Seattle to pay $1.5 million to slain woodcarver's family

Seattle to pay $1.5 million to slain woodcarver's family
SEATTLE - The city of Seattle has reached a $1.5 million settlement of claims brought by the family of slain woodcarver John T. Williams, who was shot dead by Seattle Police Officer Ian Birk last August.

The settlement was reached after a mediation involving representatives of the John T. Williams estate, Williams' mother and the city.

The Williams family, which earlier failed in its attempts to get criminal charges filed against Birk, expressed relief that the matter could be resolved early without extended and costly litigation.

"This is one step towards justice, but it is only a step. Nothing can make up for the loss of my brother," said Rick Williams, who is the administrator of the John T. Williams estate.

Under the agreement, $250,000 will go into a trust fund for Williams' mother, Ida Edward. The remaining $1.25 million will be placed into escrow while distribution issues are resolved and approved by the court.

In addition, $100,000 of the money will be held in reserve until March 2014 to defend against or satisfy any claims by potential heirs, although none has been located or come forward. A special representative will be appointed to represent any other potential heirs.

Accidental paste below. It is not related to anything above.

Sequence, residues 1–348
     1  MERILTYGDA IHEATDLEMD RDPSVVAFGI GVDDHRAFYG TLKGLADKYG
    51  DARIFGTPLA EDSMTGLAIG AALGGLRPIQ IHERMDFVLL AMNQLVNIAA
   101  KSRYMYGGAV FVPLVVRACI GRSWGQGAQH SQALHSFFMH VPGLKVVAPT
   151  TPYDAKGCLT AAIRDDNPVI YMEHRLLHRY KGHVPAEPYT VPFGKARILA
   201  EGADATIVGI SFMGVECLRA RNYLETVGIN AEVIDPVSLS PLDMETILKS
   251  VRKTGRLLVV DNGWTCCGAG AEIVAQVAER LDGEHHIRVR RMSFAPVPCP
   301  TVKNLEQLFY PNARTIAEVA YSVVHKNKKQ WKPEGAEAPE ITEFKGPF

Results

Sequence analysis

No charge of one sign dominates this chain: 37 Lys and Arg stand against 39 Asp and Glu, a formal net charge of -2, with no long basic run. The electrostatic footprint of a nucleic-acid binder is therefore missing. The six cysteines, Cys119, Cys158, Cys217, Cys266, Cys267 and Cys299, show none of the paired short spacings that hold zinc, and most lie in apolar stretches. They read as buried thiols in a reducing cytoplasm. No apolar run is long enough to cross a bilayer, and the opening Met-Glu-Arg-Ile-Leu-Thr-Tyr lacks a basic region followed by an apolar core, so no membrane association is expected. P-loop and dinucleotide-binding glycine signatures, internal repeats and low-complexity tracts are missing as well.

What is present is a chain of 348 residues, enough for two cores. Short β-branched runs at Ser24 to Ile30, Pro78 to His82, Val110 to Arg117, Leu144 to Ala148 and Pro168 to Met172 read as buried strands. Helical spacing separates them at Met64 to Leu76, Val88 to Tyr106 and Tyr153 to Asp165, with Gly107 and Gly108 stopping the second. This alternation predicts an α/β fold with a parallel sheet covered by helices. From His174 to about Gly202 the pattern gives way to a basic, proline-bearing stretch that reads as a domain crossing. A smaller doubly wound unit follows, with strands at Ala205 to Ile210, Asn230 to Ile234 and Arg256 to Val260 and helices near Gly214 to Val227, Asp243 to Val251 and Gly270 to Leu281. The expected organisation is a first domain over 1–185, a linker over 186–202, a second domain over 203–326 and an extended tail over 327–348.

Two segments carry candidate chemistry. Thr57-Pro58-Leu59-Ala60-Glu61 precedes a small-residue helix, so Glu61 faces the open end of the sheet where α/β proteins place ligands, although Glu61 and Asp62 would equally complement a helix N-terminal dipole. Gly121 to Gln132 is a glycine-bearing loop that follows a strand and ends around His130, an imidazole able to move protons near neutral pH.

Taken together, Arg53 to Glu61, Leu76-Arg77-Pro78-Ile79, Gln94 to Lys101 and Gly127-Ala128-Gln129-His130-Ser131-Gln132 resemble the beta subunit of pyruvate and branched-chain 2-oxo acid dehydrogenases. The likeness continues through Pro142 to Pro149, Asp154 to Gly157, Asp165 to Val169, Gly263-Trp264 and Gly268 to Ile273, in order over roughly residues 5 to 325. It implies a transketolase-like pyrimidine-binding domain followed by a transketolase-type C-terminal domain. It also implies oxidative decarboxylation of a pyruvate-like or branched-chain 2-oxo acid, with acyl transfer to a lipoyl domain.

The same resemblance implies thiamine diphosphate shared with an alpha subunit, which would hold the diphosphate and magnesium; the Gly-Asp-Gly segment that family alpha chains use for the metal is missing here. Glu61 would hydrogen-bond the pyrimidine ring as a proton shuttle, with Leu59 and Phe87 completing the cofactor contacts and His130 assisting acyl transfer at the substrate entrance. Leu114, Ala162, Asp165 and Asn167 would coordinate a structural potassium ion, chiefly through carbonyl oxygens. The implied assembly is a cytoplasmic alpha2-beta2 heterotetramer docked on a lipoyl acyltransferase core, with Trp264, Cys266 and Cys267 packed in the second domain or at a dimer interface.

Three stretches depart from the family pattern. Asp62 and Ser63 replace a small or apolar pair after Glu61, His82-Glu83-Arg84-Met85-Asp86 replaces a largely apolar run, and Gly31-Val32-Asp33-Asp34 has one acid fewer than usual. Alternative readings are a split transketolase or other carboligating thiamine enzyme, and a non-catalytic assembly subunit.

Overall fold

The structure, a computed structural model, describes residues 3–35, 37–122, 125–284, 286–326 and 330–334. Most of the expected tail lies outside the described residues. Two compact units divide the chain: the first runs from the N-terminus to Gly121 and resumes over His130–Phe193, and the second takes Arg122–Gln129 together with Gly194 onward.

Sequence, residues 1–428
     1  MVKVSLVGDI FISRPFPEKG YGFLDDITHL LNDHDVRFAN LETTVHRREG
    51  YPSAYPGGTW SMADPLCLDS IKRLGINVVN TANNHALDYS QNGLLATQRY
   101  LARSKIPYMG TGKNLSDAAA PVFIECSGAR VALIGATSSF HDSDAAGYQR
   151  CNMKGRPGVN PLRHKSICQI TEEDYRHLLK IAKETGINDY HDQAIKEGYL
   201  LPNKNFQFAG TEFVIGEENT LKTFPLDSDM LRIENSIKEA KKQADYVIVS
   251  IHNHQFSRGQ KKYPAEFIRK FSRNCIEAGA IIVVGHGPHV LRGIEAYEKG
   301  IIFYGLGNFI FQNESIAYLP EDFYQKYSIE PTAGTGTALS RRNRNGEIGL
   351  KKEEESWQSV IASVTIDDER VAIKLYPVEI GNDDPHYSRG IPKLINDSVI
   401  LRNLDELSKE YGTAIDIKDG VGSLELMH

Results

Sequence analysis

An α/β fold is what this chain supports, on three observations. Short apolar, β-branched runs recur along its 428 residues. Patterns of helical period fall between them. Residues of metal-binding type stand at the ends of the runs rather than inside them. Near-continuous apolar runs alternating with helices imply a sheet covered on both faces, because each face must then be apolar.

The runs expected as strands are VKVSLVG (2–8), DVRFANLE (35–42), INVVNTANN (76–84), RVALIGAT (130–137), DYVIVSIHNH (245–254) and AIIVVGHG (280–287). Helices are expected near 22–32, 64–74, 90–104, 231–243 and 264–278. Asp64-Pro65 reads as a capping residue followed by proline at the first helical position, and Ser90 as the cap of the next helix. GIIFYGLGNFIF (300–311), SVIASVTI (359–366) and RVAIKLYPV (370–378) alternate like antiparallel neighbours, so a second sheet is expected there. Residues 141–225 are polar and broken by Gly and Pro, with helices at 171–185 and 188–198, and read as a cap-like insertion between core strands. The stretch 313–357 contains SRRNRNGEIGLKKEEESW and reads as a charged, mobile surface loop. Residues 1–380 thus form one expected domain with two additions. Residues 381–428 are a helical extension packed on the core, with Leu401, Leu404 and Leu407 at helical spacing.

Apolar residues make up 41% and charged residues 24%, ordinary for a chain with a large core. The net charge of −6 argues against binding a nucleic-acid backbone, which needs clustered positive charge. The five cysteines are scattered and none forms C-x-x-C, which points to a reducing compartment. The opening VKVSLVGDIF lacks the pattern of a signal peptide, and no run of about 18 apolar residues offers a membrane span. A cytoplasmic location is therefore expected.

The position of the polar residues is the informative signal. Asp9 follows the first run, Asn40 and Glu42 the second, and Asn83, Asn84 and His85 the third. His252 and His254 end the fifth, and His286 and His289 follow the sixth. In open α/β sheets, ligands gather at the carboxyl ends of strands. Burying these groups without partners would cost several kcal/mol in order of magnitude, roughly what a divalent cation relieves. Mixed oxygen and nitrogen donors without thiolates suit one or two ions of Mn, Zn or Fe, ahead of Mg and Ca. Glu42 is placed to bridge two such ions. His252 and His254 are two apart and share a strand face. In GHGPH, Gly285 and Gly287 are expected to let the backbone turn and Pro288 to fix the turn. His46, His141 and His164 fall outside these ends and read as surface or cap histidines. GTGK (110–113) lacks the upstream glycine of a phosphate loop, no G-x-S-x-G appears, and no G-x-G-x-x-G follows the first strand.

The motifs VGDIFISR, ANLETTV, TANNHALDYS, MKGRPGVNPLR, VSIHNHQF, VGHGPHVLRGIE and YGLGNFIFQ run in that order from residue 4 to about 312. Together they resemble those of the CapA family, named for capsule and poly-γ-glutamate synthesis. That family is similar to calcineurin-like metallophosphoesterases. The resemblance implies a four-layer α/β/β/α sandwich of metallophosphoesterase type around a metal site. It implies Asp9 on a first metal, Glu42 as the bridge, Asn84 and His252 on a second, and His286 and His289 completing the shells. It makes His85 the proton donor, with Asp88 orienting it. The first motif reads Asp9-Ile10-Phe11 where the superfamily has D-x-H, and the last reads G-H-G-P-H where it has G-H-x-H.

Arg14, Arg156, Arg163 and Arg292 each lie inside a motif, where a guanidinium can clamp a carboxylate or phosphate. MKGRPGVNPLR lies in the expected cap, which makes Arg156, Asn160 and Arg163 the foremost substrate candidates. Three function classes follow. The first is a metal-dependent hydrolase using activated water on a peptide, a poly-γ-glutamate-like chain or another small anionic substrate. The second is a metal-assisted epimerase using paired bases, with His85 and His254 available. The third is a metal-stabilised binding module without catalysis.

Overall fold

"The city has decided and we certainly believe that this was completely wrong. And there's no reason for us to go to court and argue when we agree on that," said Tim Ford, the attorney representing Williams' mother and the Williams estate.

Williams, a homeless seventh-generation woodcarver and a First Nations tribal member, was shot and killed by Birk on Aug. 30, 2010.

Birk told investigators he fired shots after Williams refused commands to put down a knife. But it was later revealed that Williams was partially deaf and may not have heard Birk's commands.

In addition, it was found that Williams' knife was closed when investigators arrived at the scene of the shooting.

The shooting created outrage in the Native American community - especially after Birk's own dashcam showed just seven seconds passed between his command for williams to drop his carving knife - and Birk opening fire.

The Seattle Police Department's Firearms Review Board ruled the shooting of Williams unjustified on Feb. 16, and Birk resigned from the force the same day.

On March 14, the police department's Office of Professional Accountability recommended to Chief John Diaz that allegations of misconduct against Birk be sustained, and on April 14, Chief Diaz fired Birk from the force.

But prosecutors declined to charge Birk with a crime - saying there was no proof he acted with malice.

The mediation between the Williams family and the city of Seattle followed a number of meetings aimed at building trust between the police force and the Native American community.